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Catalogue Text – Kevin Kirwan ‘Heavyside’, The Lab, Dublin (July 25 – August 08 2015)

July 23, 2015

Heavyside: An Unseen Place

The place became crater on each side, sank down to its first skull, shedding forests, oceans, dried bones and neons, as it fell through time like a forgotten pitted stone.

Anne Sexton ‘Venus and the Ark’ (1981)

I once owned a cheap, plastic, globe-shaped keyring of the moon. It lay unused in a drawer for years, too cumbersome to actually hold keys, and too badly fabricated to study the map printed on its surface. I could just about make out the Sea of Tranquillity, but only because I already knew it existed. When astronauts first landed on the moon, rather than a luminous white entity, they encountered a dark, rugged terrain, the colour of fresh, grey concrete.  The fact is, the moon is only ever illuminated on the side facing the sun. The other half remains in constant darkness, unseen from earth. Orbiting us, controlling our oceans, the moon – in a perpetual state of partial disclosure – has been known to us throughout human history, yet it never fully reveals itself. There is something rather melancholic about that.

By the end of the Space Race, Russian and American satellites, using newly developed cartographic cameras, had captured detailed black and white photographs of the reverse lunar hemisphere. This made it possible to compile highly accurate maps and to develop the nomenclature for designating objects on the moon’s surface – a task undertaken by the International Astronomical Union, which was completed in 1970 with the official naming of 513 lunar craters. One of the less significant craters became known as ‘Heaviside’, named after pioneering British physicist Oliver Heaviside, who also has a crater on Mars named after him.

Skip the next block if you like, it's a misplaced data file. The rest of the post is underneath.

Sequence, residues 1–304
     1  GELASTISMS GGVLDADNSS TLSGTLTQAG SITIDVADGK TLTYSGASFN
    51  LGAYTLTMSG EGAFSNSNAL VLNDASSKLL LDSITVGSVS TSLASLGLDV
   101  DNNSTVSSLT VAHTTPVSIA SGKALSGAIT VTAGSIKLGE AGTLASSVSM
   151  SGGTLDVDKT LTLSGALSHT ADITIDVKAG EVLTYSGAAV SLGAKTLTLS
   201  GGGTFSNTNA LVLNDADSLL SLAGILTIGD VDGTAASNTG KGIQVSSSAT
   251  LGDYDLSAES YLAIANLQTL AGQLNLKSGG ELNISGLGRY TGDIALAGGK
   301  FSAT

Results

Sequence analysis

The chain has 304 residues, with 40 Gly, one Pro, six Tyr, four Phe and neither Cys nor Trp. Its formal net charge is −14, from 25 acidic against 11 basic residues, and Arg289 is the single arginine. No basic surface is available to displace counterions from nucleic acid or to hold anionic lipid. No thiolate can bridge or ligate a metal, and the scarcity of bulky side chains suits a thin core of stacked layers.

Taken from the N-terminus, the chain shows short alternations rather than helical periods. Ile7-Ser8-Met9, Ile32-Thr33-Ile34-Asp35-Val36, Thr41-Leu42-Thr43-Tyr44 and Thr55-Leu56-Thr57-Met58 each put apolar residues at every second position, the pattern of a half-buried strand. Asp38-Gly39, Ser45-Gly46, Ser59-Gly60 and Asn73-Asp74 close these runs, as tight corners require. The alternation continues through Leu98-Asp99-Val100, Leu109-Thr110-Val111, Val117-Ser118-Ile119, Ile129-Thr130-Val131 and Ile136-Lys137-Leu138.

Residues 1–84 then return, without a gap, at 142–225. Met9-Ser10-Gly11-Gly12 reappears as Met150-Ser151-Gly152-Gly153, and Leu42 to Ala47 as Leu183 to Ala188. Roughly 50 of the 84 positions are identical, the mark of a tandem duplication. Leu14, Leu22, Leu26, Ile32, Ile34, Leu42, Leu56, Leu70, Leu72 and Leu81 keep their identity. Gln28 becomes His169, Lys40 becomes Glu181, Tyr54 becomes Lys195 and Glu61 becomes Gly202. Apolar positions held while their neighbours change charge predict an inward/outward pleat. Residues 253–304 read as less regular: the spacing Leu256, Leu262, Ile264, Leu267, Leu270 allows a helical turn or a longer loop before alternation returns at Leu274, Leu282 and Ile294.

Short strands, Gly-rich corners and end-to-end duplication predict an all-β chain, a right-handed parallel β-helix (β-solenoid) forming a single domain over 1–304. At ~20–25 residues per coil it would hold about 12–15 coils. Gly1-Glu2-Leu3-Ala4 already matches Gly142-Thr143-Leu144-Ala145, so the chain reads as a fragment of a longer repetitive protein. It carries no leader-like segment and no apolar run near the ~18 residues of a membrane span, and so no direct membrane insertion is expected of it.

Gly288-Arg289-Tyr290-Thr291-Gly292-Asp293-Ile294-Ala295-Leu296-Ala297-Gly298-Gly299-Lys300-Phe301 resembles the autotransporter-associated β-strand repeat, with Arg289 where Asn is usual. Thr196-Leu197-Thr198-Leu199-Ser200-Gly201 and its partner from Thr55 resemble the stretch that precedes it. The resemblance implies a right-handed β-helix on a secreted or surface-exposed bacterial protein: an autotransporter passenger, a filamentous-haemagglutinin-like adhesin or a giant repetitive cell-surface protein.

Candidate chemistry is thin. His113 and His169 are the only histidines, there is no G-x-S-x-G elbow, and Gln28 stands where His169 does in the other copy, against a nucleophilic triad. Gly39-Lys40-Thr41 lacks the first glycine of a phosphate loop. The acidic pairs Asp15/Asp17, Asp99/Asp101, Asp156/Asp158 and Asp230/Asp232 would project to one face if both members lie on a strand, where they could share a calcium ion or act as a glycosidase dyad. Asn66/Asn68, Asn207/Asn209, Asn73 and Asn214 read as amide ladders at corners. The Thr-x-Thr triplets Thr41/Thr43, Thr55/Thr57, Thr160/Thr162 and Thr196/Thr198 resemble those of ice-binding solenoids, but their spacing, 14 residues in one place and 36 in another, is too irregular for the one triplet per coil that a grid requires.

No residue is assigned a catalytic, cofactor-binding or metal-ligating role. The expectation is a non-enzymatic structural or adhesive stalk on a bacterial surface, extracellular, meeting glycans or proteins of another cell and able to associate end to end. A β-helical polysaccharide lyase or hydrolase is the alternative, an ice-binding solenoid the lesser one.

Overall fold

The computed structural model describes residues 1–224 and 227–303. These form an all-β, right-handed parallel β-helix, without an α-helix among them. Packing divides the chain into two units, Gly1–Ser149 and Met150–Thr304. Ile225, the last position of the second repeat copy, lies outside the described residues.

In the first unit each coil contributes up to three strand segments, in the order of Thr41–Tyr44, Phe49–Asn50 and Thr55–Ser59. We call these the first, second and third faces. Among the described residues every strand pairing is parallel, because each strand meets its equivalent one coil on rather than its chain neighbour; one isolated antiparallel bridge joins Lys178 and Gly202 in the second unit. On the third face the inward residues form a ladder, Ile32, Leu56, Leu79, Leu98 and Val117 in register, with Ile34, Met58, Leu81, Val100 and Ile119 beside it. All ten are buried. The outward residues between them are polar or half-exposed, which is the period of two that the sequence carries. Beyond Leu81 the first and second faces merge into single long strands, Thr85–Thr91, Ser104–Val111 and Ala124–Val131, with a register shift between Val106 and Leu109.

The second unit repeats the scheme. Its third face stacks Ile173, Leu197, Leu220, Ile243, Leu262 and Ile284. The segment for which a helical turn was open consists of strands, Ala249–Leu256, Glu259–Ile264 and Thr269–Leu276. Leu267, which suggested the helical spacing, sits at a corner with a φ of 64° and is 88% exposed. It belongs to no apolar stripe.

Using this term as a point of departure, Kevin Kirwan’s exhibition ‘Heavyside’ currently showing in The Lab, conjures a number of oblique connections with these lunar histories, not least in terms of the photographic medium, which epitomises pivotal human ingenuity in the harnessing of light and dark. Using Medium Format and 35mm film, Kirwan’s hand-printed black and white photographs embody a hazy, pre-digital era, and the pensive process of dark-room developing. During exposure of the negative, values in the image can be adjusted and filters can be added, yet the light-sensitive surface still appears blank. Within the processing tank – like the moon in partial eclipse – something tangible begins to emerge: you have captured an image.

The soft, grainy textures retained in some of Kirwan’s photographs contrast with moments of pristine sharpness achieved elsewhere in the series. The jagged, flint-like qualities of petrified terrain coexist alongside the velvety cultivations occurring on moss-covered grave stones. Elsewhere, a peacock’s tail protrudes from the undergrowth, camouflaging the forest floor like a lush, feathery carpet.  An initial preoccupation with surfaces seems to give way to the probing of something deeper lurking below. In Kirwan’s act of close-looking, macro details appear to form landscapes of their own – alien at first, then growing increasingly familiar. A horse’s back appears shiny and veined, like silk pulled taught over a rippling valley.  Gnarled tree branches acquire animalistic qualities, mimicking sharp pincers or gnashing teeth. In a night-time shot, the twinkling spot-lit edges of an ascending road seem to momentarily hover before receding into darkness. In these photographs we encounter attempts to lift the thin veil of landscape, as if scraping into a surface long enough will finally reveal its bones.

Tragic, too, it is to look out at the Blasket Islands and know human life itself is ceasing on them, even if we think that living souls should never shelter themselves at all on windswept rocks… Yet all that seaboard is a silent land, or so we have felt as we walked the roads of it. It is, however, a silence that excites rather than assuages: there are always presences.